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How To Prepare A Young Child For A Dental Visit

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Young children have no concept of what a dentist does for them. Some children fear the unknown, while others object to allowing strangers to touch them or put tools in their mouth. You can avoid crying or screaming episodes by preparing your child in advance. Help your son or daughter to develop a trusting relationship with these tips.

Before the Dental Appointment:

  • Start talking to your child about the benefits of a dentist every day for at least one week before the appointment. Provide an explanation that fits the child's maturity level. Start with something simple, such as: "A dentist takes care of people's teeth. Everyone, even mommy and daddy, go to the dentist."

  • "Play dentist" with each other. Ask your son or daughter to open their mouth wide so you can look inside. If they seem hesitant, open your mouth and let the child play dentist. Kids learn best when new concepts are introduced as play.

  • Brush their teeth twice a day. If they know how to spit, then use a very small dab of toothpaste. This teaches your little one to trust people to work in their mouth.

  • Let them know what the dentist will do. Again, keep it simple. If it is a routine checkup, the dentist will look in the child's mouth, take x-rays to see how the permanent teeth are developing, etc.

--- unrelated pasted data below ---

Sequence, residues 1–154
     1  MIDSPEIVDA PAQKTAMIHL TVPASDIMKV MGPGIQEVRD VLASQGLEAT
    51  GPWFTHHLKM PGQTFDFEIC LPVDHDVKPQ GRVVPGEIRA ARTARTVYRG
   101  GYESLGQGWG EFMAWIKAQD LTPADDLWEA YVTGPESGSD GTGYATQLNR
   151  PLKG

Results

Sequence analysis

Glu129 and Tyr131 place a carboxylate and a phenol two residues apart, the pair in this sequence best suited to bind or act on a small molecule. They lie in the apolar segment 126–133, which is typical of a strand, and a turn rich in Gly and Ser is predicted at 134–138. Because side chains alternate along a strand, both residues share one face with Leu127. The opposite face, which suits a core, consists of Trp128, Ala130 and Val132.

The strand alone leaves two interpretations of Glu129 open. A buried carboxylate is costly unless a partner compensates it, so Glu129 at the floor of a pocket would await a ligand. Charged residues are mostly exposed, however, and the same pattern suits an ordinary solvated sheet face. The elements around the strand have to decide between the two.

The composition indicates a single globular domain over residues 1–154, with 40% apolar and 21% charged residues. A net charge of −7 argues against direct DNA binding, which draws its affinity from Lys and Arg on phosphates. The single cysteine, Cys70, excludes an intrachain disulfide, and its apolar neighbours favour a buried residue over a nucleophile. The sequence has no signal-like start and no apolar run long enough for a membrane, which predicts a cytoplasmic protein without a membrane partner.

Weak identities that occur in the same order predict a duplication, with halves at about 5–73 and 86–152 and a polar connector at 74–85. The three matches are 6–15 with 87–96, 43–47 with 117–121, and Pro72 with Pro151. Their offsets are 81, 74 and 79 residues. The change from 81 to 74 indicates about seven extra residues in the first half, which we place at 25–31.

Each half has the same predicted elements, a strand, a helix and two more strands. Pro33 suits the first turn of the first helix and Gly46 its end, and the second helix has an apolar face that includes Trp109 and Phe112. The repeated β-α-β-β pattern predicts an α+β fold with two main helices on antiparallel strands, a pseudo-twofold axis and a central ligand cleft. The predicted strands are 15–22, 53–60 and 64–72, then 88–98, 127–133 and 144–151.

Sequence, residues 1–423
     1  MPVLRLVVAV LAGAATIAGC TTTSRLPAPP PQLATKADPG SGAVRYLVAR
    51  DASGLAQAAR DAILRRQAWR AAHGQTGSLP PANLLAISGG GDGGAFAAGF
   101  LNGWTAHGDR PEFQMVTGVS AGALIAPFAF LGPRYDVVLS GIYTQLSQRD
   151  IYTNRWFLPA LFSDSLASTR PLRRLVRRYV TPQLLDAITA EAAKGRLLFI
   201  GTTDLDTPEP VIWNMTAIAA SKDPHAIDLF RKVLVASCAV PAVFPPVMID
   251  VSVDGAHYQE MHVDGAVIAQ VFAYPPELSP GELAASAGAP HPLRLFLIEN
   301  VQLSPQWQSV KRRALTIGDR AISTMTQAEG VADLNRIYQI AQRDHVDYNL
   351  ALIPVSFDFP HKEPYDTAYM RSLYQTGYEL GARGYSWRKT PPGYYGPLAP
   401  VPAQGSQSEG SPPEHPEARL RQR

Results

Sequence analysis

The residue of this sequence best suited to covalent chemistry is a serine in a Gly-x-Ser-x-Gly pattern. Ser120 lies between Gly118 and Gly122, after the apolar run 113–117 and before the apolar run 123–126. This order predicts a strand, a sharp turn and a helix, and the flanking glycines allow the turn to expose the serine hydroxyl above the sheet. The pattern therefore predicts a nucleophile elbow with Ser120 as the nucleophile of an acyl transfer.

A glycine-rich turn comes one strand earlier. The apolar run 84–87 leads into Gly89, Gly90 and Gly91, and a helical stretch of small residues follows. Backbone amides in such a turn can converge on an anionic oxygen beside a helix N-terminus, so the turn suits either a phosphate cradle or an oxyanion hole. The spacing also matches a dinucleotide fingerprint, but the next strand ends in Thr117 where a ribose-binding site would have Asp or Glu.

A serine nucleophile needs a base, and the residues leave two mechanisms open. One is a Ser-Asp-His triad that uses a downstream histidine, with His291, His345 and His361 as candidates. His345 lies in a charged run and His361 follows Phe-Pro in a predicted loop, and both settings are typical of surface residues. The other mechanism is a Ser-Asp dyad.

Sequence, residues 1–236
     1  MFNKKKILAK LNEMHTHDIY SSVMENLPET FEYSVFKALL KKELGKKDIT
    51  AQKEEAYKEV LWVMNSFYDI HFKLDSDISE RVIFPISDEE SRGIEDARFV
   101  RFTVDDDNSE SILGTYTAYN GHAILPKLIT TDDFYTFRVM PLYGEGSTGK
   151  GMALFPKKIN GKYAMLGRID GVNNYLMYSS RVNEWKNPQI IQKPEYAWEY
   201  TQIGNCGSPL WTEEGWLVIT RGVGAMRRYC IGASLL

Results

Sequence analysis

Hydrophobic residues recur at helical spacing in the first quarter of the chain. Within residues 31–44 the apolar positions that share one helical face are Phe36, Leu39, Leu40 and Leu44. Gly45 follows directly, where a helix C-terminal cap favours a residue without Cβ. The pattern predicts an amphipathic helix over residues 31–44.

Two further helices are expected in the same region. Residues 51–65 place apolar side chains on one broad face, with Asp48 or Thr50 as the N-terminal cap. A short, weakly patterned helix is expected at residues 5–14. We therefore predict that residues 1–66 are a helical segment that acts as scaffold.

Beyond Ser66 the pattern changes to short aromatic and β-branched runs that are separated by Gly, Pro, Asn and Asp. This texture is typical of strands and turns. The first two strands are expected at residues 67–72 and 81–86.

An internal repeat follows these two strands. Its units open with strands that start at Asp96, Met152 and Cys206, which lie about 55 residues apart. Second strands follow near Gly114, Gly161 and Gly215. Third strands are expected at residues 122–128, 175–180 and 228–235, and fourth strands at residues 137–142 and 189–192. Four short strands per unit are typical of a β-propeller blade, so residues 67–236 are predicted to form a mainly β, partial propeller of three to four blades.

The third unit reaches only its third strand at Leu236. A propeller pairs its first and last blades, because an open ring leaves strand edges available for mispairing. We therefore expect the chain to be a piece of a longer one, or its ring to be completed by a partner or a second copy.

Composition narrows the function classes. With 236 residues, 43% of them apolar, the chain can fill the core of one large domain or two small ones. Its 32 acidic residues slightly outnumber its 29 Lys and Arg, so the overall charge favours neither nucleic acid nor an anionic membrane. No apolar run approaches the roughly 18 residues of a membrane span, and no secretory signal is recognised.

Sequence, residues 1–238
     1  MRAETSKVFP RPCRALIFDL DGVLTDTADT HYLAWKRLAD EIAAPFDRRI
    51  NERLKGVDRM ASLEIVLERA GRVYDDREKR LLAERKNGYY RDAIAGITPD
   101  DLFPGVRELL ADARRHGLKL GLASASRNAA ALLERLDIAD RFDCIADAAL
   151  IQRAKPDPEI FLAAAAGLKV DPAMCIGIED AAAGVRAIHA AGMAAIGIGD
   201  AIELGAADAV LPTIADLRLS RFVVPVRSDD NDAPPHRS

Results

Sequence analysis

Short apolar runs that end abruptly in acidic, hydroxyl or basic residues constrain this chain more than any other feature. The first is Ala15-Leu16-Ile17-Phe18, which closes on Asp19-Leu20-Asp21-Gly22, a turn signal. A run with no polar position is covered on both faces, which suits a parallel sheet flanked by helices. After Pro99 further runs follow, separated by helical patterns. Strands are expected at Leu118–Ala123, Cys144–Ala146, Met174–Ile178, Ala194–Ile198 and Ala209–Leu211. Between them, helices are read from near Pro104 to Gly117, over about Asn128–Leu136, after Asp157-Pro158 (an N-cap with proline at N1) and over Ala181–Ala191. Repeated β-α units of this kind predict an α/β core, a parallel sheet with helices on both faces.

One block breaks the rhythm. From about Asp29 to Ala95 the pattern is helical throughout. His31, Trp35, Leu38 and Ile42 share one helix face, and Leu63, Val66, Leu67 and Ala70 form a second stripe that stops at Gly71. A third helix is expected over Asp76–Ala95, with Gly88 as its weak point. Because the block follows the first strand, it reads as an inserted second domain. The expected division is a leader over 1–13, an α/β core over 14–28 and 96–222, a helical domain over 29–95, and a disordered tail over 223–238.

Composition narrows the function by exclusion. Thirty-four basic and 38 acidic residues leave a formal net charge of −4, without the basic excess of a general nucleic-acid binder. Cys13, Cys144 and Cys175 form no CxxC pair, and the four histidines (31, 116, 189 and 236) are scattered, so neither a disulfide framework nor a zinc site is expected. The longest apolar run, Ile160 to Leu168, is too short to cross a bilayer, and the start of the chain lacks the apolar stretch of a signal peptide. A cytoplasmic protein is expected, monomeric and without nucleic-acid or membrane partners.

At the Appointment:

  • If the dental clinic has toys and magazines, then you won't need to pack anything. Otherwise, take a coloring book or other quiet toy to entertain junior until the dentist can see them. Keep their hands busy with play and they won't sit around thinking about the dentist.

  • Unless the child is an infant, stay in the waiting room when it's time for them to see the dentist. This one is difficult for first-time parents. Children must develop their own trusting relationship with the dentist and dental hygienist. Kids pick up on people's emotions. Dental professionals, such as those at Carpenter Dental, Charles M. Carpenter DMD, and Chas M. Carpenter DMD, especially those that work with children, are cheerful and experienced with this age group. They are really good at keeping the kids calm. Don't worry, the staff will get you if there are any problems, but it's rare.

  • Most kids are happy when the dentist gives them stickers or a new toothbrush. If time permits, you might also want to plan a special activity, such as a visit to the park, to celebrate their first visit to the dentist.

Your son or daughter will excitedly tell you about everything that happened. It's a pleasant experience when you take the time to prepare them in advance.